The fifth step in measuring performance is promotion. Administrators are faced with making decisions that are difficult in order to progress with the oversight of elected officials. Citizens play a part in this step, as they are most likely the recipients of any change or improvement in the process. When performance measures things such as reducing crime by 4% from the previous year, the administration senses accomplishment, followed by a sense of promotion that allows the public to see progress and regain trust.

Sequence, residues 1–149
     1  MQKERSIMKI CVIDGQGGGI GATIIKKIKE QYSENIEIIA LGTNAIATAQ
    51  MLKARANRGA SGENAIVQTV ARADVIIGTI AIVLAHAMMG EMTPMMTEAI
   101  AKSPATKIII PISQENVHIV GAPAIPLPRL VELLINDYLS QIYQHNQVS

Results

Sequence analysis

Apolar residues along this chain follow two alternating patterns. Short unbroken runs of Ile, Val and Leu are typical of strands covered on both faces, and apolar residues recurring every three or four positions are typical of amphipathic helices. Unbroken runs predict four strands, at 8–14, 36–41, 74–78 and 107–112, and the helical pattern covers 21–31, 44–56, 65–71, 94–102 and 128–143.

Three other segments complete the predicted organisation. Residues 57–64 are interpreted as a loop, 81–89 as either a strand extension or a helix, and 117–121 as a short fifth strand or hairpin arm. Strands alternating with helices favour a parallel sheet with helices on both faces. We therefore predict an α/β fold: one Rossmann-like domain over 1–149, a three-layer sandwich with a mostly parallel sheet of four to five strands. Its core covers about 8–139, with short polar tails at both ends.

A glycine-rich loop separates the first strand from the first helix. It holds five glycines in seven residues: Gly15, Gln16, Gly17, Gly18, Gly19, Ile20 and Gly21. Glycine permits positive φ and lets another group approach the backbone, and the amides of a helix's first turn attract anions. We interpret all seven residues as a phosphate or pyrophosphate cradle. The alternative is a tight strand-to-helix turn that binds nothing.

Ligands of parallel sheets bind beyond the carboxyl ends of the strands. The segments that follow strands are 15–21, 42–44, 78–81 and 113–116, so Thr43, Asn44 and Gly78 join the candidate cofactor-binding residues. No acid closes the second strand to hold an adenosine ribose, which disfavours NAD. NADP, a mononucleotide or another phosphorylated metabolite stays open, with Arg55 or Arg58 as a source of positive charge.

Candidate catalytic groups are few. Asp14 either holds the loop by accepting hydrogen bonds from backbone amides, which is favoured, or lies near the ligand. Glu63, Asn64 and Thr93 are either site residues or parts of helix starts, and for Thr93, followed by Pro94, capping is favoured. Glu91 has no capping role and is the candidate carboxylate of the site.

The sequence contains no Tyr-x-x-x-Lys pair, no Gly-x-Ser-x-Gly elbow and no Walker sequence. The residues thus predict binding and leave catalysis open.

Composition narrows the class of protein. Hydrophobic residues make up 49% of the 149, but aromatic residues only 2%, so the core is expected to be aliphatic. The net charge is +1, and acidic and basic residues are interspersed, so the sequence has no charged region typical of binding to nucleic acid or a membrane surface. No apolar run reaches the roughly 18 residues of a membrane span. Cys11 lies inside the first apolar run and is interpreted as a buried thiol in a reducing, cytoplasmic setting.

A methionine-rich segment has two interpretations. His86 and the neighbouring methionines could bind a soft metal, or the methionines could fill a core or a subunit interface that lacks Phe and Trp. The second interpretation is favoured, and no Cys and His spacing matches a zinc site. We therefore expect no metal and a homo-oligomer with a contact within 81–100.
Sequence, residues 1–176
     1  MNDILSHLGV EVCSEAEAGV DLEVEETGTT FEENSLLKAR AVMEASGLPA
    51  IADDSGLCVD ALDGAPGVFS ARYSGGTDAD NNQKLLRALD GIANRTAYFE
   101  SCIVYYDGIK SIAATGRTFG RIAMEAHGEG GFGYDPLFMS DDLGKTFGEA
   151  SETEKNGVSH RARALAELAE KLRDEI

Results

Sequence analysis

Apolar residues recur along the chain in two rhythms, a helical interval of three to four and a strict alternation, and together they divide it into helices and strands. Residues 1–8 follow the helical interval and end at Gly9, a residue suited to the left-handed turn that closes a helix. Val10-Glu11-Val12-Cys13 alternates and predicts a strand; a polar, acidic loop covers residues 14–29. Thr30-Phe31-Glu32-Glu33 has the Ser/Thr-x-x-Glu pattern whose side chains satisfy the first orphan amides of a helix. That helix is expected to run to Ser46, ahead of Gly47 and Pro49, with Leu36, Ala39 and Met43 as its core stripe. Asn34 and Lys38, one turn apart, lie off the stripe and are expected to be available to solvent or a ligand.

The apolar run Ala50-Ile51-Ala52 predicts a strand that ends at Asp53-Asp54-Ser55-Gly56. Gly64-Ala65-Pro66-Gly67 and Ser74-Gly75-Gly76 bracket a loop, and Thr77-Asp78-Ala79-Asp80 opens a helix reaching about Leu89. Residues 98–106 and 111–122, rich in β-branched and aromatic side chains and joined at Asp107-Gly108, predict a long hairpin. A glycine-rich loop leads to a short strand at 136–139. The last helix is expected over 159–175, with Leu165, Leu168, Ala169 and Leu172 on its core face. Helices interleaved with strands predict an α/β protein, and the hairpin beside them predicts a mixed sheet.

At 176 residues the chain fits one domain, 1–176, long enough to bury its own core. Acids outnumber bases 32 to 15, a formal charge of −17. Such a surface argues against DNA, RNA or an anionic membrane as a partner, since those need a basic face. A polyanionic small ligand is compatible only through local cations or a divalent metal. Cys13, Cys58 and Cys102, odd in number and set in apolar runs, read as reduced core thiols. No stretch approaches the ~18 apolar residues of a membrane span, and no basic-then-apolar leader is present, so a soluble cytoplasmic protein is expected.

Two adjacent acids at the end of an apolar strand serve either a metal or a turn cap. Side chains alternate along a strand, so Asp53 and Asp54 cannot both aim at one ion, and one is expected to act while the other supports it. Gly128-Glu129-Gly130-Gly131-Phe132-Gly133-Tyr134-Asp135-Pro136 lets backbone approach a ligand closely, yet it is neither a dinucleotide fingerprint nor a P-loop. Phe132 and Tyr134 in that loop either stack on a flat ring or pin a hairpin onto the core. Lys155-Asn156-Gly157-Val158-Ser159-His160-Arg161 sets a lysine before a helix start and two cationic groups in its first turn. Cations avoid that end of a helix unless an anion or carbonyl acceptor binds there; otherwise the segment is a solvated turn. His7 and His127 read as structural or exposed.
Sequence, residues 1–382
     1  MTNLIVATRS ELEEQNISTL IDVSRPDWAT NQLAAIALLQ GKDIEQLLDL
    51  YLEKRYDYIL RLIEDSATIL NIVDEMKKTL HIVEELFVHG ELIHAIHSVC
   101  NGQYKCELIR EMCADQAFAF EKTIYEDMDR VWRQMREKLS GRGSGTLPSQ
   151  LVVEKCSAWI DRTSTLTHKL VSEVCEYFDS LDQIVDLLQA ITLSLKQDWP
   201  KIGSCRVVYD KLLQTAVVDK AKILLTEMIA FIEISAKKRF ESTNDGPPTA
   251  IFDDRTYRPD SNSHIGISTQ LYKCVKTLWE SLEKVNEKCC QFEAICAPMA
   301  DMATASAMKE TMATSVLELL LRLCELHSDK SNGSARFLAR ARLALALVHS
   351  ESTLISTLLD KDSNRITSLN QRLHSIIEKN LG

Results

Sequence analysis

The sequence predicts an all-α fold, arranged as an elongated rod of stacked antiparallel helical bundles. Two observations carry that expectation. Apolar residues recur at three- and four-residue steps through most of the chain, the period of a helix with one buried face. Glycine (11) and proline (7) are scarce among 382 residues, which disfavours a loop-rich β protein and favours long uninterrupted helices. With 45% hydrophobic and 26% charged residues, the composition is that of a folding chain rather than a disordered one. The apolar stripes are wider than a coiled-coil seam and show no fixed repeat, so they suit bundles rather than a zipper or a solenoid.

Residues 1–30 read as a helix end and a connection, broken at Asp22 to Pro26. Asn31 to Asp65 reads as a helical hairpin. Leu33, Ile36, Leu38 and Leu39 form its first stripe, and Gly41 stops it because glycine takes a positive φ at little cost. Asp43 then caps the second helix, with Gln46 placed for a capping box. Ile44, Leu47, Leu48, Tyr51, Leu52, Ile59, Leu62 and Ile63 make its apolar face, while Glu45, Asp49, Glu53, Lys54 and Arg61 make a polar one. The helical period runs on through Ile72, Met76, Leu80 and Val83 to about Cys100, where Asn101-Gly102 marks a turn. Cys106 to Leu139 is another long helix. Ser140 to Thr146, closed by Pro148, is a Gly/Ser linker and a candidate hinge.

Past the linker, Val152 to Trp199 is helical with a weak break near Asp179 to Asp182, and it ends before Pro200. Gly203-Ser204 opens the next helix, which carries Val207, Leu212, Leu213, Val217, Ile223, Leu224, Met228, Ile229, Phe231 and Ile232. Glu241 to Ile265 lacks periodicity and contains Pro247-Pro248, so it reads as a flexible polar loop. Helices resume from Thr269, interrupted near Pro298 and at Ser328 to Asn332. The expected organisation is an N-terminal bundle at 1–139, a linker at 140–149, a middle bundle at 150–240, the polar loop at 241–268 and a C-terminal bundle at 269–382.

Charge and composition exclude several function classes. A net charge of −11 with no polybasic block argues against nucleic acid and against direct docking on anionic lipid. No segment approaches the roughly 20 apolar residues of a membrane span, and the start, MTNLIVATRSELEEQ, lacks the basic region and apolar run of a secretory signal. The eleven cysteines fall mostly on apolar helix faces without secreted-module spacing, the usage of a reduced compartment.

The sixth step is celebrating. There is a sense of pride in meeting or exceeding a performance measure that the public should be made aware of and not in the sense of throwing a block party with ice cream trucks and parades. The administration should take the accomplishment of fulfilling what was planned to improve for the next year. The staff who assisted in overall improving the measure should deserve recognition for their effort. Coincidentally, this is a significant deficiency in the public sector, where elected officials are the representatives of the municipality and take the reward for how an organization is fulfilling promises and improving efficiencies. Staff deserve the benefit of receiving similar acknowledgment, known to boost morale and overall productivity. Having a mid-year presentation of findings with an ice cream truck parked outside the municipal building during the summer months probably does more to improve the sense of appreciation than a lifeless box of chocolates from the local convenience store.